It’s time for the federating units to treat sports as an industry
At a time when sports in Pakistan have almost stopped with the state not in a position to release money to the national federations it is very important for Quetta to go for hosting the 33rd National Games as per schedule in April this year.
National Games are again in danger and may not only be postponed but could also be shifted to some other province if Balochistan persisted in taking the issue lightly.
Pakistan Olympic Association (POA) has already hinted that the biennial spectacle, initiated in 1948 in Karachi, may be given to Punjab or Khyber Pakhtunkhwa if Quetta did not make itself ready for hosting it in April.
The KP Olympic Association President Syed Aqil Shah told me the other day in an interview that he is ready to conduct the extravaganza in October if the POA allotted it to his province. However, he said if KP could host such events why other provinces could not do that.
This is a big issue. National Games are not a joke. It’s a very important event which was launched by the Quaid-e-Azam after the independence of Pakistan in Karachi in 1948. Most of the government departments give promotion to their athletes on the basis of their performances in the National Games.
The National Games were last held in Lahore in 2012. Quetta was supposed to host it in 2014 but has failed to do so till date. The event has been postponed multiple times because of security and funding issues. Now there is no funding issue as Balochistan government has sanctioned around Rs1000 million for the purpose. A huge money has already been spent on infrastructure. But the work was conducted quite slowly. An athletic track is now being installed. An expert told me that it takes one and a half years if you want to install a tartan track. It means if National Games are held in April the athletic event would not be organised on the new track at Ayub Stadium Quetta but would rather be held on the track at the Army Stadium.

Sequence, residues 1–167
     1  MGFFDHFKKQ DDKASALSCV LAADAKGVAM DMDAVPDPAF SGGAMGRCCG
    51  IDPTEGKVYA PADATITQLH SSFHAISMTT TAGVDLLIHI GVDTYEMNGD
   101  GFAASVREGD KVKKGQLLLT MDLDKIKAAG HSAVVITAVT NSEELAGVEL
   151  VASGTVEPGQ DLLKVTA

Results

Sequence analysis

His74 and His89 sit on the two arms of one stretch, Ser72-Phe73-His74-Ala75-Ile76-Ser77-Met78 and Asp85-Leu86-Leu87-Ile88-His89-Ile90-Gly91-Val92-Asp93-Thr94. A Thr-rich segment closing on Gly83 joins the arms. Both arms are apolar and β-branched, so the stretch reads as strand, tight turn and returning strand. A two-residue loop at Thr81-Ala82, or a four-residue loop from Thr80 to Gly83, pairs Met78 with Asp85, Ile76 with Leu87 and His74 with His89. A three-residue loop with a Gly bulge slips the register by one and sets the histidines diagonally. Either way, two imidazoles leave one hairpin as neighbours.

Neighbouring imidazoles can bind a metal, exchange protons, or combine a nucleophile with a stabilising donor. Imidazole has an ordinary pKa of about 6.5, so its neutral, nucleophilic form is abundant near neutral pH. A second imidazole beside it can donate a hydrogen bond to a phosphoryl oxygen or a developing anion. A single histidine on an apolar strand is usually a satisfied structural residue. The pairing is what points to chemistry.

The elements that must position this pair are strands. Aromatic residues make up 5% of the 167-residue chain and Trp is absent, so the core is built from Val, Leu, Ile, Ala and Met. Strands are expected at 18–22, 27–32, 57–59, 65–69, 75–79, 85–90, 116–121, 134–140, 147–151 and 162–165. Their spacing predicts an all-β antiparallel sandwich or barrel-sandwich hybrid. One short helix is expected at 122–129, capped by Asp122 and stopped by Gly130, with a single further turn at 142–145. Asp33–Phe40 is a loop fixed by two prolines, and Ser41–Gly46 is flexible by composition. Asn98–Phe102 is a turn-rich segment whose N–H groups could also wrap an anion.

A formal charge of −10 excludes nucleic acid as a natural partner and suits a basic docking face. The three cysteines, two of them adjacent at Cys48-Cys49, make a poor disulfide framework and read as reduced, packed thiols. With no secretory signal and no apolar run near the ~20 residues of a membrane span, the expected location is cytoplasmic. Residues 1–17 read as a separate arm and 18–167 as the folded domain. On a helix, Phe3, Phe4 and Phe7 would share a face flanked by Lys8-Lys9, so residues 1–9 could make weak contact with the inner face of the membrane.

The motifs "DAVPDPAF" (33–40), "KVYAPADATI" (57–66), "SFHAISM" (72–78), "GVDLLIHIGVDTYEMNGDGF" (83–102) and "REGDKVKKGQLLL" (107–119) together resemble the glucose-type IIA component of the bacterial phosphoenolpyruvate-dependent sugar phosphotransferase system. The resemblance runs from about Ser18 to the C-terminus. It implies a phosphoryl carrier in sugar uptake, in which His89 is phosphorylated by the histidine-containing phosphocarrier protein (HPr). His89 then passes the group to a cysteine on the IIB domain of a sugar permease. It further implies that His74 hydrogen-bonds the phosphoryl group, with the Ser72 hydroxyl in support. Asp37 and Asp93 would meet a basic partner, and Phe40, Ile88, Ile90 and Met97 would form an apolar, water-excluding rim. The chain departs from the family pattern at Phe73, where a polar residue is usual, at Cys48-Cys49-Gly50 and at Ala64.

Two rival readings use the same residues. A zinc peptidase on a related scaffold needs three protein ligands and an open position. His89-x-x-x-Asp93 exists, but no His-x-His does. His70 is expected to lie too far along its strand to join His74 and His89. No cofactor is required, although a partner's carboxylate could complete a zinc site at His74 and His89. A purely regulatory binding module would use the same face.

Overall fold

And interestingly when the Games are barely two months away the main hall of the PSB Coaching Centre, Quetta, has developed leakage with rainwater trickling down its roof. It has also created a huge risk for the newly-laid wooden floor of the hall in which events of several sports disciplines are to be organised. Both the secretary sports and Balochistan Sports Board (BSB) Director General have been transferred and their seats have been vacant for the last few weeks.
According to sources, two persons had been nominated for filling the DG post but they both refused. The issue is that a lot of monetary transactions have been made by the outgoing officials and no one now is ready to work at the key posts at a time when National Games are just around the corner.